A study shows that about one in four mobile apps are used exactly once when downloaded. Aside from downloader disappointment after the first use, it likely also signifies that free apps are easy to forget.
This study is well-timed for any 2012 campaigns that are paying attention. Several Republican primary challengers will probably join the President in having branded campaign apps, and success or failure of those apps will be measured by raw download figures. That won’t help anyone get elected, though.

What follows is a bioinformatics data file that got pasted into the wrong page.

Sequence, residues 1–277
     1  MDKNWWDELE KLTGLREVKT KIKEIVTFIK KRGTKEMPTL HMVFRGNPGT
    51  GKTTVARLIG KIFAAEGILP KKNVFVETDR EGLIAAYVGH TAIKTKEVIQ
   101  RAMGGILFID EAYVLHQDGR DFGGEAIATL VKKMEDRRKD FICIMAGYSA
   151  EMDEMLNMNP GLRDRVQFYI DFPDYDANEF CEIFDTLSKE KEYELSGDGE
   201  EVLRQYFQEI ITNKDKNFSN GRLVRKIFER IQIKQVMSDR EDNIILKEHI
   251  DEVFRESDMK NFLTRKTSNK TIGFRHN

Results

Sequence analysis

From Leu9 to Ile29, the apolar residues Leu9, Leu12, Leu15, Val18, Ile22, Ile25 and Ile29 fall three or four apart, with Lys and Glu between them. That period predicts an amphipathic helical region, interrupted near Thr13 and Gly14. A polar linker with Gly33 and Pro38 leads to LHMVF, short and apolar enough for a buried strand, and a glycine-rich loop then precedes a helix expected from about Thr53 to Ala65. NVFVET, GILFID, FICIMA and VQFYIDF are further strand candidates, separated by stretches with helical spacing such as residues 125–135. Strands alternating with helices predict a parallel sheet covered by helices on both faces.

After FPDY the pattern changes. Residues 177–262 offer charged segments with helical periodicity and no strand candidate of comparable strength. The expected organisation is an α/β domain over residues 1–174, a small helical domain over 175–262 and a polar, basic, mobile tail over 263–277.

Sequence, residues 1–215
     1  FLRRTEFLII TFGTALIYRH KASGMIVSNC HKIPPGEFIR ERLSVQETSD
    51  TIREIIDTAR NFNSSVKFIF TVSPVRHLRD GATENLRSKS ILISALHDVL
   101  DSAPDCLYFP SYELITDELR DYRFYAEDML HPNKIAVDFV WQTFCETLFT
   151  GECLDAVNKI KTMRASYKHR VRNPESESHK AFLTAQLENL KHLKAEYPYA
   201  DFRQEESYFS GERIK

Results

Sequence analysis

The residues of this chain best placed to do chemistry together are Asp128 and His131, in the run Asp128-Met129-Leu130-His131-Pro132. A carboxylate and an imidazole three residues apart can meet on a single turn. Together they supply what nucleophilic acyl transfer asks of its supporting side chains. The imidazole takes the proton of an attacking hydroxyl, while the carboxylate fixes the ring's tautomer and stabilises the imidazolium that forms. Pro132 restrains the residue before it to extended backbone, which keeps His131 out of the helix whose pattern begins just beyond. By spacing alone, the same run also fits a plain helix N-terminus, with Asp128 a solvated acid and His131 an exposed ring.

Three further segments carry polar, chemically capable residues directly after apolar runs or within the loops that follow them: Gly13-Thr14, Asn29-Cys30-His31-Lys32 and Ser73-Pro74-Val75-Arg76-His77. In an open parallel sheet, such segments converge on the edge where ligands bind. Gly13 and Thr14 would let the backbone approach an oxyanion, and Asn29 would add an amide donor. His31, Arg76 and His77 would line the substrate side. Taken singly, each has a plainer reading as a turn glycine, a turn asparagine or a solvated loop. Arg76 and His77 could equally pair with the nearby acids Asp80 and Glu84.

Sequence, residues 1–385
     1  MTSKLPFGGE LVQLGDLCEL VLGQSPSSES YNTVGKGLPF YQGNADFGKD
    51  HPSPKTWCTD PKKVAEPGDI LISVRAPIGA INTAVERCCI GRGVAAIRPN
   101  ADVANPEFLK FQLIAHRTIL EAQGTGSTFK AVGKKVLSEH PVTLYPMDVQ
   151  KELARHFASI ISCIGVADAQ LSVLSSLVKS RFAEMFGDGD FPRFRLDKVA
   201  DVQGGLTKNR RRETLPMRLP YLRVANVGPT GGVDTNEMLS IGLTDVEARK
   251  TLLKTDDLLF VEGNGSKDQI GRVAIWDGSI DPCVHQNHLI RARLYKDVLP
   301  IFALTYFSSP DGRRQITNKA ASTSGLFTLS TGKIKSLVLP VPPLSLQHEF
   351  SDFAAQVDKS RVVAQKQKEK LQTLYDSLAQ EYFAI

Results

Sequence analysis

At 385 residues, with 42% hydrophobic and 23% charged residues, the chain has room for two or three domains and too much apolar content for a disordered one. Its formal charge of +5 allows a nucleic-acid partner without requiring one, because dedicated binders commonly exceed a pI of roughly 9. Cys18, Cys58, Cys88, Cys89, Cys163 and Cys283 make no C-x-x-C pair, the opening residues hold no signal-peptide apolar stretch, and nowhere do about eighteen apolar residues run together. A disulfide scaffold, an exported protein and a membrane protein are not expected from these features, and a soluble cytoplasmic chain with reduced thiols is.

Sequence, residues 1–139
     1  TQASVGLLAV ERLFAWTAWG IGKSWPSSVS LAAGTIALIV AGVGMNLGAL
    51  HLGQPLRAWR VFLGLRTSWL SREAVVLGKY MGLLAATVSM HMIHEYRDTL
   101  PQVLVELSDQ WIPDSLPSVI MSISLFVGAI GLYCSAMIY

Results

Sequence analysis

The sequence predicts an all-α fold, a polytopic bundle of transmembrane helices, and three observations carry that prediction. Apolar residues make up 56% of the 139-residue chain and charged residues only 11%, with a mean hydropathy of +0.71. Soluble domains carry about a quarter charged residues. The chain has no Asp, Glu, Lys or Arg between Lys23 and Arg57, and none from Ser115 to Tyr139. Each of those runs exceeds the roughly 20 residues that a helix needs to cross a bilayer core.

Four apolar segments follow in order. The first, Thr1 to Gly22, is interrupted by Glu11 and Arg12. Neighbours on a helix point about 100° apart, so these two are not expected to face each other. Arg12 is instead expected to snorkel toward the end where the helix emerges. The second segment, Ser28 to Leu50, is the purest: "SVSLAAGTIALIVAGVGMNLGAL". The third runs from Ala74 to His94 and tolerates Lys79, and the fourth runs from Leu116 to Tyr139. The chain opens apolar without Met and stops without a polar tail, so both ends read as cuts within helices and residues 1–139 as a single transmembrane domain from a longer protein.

As campaigns begin their planning stages, they would be smart to think about which supporters would download an app and use it multiple times. This is a group who, in the past, I’ve called the “App Class” – high-level volunteers and grassroots activists, rather than most voters. Any significant mental and financial resources that go into app building should be allocated trying to figure out how to make these folks more effective. And instead of determining success based on how many times an app is downloaded, campaigns should look at the metrics that result in votes – in other words, how many phone calls were made through the app, or how many doors were knocked on using voter lists accessed through the app.